International desk – Myanmar’s military has taken control of the country in a coup and arrested Aung San Suu Kyi and other senior government leaders over a dispute in the November election.
The army also declared a state of emergency for a year and said a fresh election would not be held before the emergency is lifted, according to international media.
CNN reports that the country woke up to widespread internet and communications blackouts, closed banks, and soldiers in army fatigues patrolling the streets of Myanmar’s largest city, Yangon.
Residents turning on their television sets could only access the military-owned Myawaddy TV channel, with all other news channels seemingly blocked.
As news filtered through that the country’s democratically-elected leaders had been detained in the capital — hours before the first session of the new parliament was set to open — a news anchor announced on the military-owned channel that power had been handed over to army chief Min Aung Hlaing.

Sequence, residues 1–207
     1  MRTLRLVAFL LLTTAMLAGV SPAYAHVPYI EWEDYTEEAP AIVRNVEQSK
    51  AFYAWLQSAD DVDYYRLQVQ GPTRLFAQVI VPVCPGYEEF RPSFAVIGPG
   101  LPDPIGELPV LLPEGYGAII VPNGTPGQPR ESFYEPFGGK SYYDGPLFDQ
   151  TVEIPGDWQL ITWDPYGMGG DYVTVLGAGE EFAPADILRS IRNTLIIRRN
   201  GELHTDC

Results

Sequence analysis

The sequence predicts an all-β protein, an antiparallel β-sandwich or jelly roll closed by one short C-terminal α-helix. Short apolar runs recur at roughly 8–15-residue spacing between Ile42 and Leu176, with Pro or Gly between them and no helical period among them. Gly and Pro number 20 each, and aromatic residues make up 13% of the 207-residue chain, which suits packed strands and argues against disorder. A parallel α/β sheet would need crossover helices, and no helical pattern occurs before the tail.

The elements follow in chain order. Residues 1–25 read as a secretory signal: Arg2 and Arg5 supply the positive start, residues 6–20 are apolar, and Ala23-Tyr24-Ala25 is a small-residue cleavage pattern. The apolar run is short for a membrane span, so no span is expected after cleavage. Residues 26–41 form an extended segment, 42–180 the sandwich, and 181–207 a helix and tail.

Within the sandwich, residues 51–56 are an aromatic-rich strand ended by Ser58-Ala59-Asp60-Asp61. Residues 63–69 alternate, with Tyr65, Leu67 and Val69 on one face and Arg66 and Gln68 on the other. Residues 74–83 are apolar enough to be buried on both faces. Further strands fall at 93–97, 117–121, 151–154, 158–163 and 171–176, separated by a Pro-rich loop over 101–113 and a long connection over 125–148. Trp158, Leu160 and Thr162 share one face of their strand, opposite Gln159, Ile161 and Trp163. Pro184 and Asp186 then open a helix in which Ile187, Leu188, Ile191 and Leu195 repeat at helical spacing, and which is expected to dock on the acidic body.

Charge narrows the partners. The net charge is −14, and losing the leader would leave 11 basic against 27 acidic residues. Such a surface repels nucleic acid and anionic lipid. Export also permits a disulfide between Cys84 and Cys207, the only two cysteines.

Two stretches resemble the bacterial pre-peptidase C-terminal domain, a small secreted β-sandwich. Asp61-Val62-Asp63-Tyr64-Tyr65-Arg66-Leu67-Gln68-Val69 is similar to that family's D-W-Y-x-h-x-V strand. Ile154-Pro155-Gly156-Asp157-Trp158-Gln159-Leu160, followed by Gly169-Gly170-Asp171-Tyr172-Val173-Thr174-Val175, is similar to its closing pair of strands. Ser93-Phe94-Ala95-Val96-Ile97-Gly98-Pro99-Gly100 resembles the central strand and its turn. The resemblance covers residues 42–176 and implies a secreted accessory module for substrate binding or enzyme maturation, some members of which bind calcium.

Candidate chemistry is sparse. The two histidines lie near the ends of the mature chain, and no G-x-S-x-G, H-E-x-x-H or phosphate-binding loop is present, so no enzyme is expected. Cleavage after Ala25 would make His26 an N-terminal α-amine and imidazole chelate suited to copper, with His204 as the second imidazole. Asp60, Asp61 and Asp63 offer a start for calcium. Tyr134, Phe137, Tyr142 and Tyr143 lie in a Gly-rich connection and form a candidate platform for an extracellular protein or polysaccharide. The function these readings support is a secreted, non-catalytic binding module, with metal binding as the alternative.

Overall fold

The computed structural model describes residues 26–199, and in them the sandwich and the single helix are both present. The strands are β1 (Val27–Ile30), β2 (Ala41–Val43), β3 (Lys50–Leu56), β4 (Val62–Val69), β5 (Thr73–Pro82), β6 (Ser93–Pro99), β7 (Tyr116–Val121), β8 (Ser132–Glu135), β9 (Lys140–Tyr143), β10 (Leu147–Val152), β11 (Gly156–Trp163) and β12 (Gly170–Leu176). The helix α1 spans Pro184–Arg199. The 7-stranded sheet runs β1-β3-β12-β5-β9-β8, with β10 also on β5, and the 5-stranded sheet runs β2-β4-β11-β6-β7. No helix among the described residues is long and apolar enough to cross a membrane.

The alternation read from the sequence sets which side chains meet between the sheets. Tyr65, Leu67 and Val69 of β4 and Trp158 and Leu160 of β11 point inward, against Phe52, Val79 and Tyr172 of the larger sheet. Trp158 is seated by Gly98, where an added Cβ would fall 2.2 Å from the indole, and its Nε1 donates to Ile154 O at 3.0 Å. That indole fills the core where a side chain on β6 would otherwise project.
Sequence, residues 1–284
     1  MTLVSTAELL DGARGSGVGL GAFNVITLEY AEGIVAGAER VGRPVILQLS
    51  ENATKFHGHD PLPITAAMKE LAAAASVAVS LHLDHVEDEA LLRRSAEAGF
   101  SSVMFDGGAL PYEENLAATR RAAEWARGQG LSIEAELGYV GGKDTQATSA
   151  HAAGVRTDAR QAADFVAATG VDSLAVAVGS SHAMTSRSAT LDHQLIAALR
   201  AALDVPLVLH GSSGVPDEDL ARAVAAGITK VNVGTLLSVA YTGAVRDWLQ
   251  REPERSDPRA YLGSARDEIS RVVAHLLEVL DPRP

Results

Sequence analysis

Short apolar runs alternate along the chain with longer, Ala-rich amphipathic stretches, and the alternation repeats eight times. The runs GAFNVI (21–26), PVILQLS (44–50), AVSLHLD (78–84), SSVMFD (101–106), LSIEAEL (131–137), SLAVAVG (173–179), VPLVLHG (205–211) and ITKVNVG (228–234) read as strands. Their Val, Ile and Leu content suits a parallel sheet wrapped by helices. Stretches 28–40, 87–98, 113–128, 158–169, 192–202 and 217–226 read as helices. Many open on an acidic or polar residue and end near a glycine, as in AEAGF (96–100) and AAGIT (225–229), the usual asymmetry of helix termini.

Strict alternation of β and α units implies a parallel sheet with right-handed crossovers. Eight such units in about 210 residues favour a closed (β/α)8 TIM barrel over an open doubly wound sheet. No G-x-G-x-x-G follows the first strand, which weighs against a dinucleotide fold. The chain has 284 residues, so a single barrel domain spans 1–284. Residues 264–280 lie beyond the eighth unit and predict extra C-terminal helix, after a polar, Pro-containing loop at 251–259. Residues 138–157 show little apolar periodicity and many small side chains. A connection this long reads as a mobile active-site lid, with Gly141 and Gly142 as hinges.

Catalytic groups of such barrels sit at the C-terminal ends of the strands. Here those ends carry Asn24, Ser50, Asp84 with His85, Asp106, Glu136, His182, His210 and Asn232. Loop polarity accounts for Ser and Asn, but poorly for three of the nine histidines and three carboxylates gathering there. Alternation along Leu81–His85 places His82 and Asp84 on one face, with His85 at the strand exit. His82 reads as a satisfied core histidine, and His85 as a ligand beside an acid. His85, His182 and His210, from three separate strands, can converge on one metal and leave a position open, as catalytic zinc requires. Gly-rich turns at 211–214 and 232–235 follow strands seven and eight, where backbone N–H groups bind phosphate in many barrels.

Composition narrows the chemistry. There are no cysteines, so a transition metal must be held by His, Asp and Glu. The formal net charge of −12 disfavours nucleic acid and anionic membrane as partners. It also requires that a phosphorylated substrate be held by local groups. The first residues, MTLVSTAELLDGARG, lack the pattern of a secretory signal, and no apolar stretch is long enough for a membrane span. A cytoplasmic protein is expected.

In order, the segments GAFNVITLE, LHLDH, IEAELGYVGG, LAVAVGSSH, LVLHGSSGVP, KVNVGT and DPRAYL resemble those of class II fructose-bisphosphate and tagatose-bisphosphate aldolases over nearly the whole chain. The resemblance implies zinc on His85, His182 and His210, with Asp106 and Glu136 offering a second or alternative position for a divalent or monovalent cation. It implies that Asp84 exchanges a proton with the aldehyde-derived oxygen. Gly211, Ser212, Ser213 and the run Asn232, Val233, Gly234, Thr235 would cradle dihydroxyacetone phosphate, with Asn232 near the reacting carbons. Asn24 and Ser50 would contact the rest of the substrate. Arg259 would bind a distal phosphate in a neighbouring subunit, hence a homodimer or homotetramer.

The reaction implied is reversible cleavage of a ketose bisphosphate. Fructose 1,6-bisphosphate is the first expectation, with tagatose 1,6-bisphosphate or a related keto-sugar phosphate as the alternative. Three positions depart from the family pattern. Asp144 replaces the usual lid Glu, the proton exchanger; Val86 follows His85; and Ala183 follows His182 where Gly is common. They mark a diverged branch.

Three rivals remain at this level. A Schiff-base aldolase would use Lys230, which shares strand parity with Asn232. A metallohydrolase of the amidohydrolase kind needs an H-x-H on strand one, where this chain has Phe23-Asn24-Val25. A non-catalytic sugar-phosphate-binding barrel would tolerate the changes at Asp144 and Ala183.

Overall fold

The military confirmed it had detained the country’s de facto civilian leader Suu Kyi, along with other high ranking National League for Democracy (NLD) leaders, in response to alleged voting irregularities in November’s election.
Suu Kyi’s party claimed an overwhelming victory taking 83% of the vote, which granted it another five years in government. The military-backed Union Solidarity and Development Party won 33 out of a possible 476 seats, far fewer than the party had expected.
The coup followed weeks of worsening political tensions in the country over the disputed election.
There were rumors that the military could take over.
Footage show the army was patrolling major streets in the capital Naypyidaw and other big cities like Yangon.
World leaders have condemned the coup and asked the military rulers to release all the democratically elected leaders.
Secretary of State Antony Blinken of the United States asked the military leaders to “release all government officials and civil society leaders and respect the will of the people.”
Army chief Min Aung Hlaing, who is now running the country, has been under US sanctions since December 2019.
He was designated for serious human rights abuses related to the atrocities committed against the Rohingya Muslim community.